This increasing concentration effect masks the decline in population size, Pleasants says.

The study accounts for the change in the proportion of monarchs inside and outside of agricultural fields by looking at the change in the proportion of milkweeds in those two areas using historical milkweed abundance data gathered by agronomists. The summer census data are then corrected to account for the shifting proportions and thus reveal actual population size.

“Then we see with these corrected numbers that, yes, the population of monarchs in the United States is declining at the same rate as the overwintering population,” Pleasants says.

The finding supports previous studies suggesting that an increase in available milkweed could help the monarch population rebound. Such studies have led to efforts across the country to restore monarch habitat.

Milkweed in suburbs and cities could restore monarchs

Pleasants calls monarch butterflies an “iconic species.” He says the monarch butterfly’s distinct appearance and lifecycle, plus its unique migratory behavior, inspire people to undertake conservation efforts to reverse its decline.

“It’s a fascinating and awe-inspiring bit of biology,” he says.

The study appears in the journal PLOS ONE.

Source: Iowa State University

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Tweaked plants grow less but handle drought

A group of proteins called WRKYs (pronounced ‘workies’) govern both stress response and growth in plants, report researchers. This makes the proteins of particular interest to plant breeders and crop growers eager for varieties that will withstand dry conditions.

“They are important regulators for the balance of drought response and growth,” says Yanhai Yin, a professor of genetics, development, and cell biology at Iowa State University. “They are very promising targets for plant breeding.”

Arabidopsis samples for WRKYs breeding
Several trials of Arabidopsis plants illustrate how knocking out WRKY genes leads to changes in growth rates and drought response. (Credit: Jiani Chen/Iowa State)

The paper describes how researchers in Yin’s lab managed to cross Arabidopsis plants in such a manner as to eliminate, or “knock out,” three different WRKYs genes, named for the several critical amino acids of which they’re composed. The resulting plants showed dramatically less growth than normal but were more drought tolerant. Arabidopsis is a small flowering plant often used as a model in experiments.

Much of Yin’s research has centered on a plant protein known as BES1, an important switch in plant genomes regulated by a plant steroid called brassinosteroid that influences thousands of other genes. Yin says WRKYs and BES1 work together to promote plant growth under normal conditions.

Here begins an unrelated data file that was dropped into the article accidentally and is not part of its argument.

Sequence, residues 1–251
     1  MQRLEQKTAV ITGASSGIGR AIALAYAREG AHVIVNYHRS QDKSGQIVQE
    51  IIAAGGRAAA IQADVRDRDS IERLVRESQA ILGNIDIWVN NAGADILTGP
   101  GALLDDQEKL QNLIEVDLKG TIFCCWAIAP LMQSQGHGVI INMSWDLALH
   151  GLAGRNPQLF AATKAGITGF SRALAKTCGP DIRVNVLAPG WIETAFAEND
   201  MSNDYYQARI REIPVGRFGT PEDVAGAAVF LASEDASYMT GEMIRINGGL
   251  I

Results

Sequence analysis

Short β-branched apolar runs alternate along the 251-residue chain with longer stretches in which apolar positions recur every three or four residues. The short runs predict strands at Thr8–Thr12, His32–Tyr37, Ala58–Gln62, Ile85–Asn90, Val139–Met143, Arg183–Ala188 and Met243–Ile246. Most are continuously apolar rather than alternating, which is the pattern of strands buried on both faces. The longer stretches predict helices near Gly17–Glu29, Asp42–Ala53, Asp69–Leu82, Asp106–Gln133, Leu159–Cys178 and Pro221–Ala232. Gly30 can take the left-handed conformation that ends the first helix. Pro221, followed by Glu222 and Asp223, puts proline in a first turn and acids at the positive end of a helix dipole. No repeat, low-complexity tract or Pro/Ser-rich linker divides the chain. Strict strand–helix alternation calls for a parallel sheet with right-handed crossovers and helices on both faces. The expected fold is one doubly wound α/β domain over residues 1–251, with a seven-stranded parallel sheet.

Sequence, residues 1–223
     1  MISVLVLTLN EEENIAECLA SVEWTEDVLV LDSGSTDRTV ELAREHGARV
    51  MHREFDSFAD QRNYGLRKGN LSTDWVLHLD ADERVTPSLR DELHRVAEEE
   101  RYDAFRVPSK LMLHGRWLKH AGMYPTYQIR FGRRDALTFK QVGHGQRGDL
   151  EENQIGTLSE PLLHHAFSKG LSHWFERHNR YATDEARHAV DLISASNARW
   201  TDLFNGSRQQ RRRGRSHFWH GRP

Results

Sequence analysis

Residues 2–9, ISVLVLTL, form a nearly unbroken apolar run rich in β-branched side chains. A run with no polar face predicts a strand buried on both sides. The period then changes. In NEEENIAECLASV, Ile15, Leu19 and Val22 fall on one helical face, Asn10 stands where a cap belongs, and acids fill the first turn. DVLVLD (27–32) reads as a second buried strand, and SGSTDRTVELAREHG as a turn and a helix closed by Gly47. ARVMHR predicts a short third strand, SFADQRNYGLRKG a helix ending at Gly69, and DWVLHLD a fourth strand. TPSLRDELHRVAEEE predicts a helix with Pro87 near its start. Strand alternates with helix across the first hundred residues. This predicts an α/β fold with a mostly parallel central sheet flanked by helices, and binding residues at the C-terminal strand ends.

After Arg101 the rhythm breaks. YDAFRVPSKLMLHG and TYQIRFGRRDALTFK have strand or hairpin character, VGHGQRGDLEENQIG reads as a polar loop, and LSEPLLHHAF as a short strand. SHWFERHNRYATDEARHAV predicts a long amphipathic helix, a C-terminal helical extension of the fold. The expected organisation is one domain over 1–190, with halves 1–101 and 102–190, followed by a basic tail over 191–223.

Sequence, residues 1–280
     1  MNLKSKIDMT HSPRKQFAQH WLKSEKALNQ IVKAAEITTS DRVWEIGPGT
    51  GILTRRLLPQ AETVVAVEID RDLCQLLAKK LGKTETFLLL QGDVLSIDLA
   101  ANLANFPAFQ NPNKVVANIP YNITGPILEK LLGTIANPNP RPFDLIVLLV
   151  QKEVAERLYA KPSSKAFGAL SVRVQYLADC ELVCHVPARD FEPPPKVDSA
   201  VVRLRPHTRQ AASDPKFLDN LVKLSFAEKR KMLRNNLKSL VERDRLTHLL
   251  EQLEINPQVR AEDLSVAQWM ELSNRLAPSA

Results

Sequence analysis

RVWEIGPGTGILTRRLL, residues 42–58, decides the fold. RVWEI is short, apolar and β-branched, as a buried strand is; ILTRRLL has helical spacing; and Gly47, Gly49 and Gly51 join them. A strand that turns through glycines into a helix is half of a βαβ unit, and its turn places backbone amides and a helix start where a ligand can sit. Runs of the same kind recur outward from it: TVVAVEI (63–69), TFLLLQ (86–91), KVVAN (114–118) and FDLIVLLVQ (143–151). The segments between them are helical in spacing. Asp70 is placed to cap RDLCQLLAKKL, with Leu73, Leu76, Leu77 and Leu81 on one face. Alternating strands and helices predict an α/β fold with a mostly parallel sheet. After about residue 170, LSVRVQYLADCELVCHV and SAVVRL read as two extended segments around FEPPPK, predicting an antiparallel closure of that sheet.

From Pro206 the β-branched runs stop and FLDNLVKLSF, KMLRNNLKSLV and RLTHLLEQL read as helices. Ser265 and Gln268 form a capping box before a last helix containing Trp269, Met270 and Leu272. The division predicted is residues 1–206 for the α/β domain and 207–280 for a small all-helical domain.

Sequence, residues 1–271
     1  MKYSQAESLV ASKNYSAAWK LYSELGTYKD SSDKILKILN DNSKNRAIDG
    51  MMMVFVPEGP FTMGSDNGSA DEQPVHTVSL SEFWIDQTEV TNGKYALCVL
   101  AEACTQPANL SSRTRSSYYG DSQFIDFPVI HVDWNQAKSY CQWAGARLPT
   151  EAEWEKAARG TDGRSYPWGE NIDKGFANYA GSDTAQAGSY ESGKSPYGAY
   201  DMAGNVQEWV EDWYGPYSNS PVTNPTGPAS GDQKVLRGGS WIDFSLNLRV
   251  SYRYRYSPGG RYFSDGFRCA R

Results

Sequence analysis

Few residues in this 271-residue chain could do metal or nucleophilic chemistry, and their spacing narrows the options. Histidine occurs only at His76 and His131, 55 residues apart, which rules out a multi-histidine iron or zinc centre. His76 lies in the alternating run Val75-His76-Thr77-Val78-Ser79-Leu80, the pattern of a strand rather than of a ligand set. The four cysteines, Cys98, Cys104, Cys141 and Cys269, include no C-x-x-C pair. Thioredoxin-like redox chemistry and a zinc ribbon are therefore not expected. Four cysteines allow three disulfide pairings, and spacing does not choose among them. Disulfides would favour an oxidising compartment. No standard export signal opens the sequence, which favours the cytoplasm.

Plants can’t run from stress, but they can adapt

Previous studies have shown that WRKYs also help to govern bacterial response in plants as well.

Yin says his future studies will tease out how growth, drought tolerance, and bacterial response interact with one another. Such efforts could lead to crops with genetics better suited to withstand many of the most pressing challenges producers face.

As the paper hints, harnessing the versatility of WRKYs to breed more resilient crops would make rain gauges look primitive by comparison.

How plants slow their growth under stress

The paper appears in the journal Plant Cell. Additional contributors to the paper include Iowa State University and China Agricultural University.

Source: Iowa State University

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Program keeps more men from repeat domestic violence

A three-year study comparing domestic violence offenders who completed a new pilot program with those who completed a traditional program found that around 50 percent fewer participants reoffended and were arrested in the year after taking the new program.

Amie Zarling, a clinical psychologist and an assistant professor of human development and family studies at Iowa State University, worked with the Iowa Department of Corrections (DOC) to pilot her Achieving Change Through Values-Based Behavior program, or ACTV (pronounced “active”).

“This is a difficult population to treat. We know that existing interventions have little impact on violent behavior.”

For the study, Zarling and her colleagues looked at arrest rates for domestic assault and other violent and non-violent criminal charges. They found just 3.6 percent of offenders who completed ACTV were charged with domestic assault, compared with 7 percent of men completing the traditional program. It was a similar split for violent charges—5.2 percent ACTV versus 10.9 percent traditional.

Most states mandate that domestic violence offenders complete some type of batterer intervention program, but the success rates are often quite low.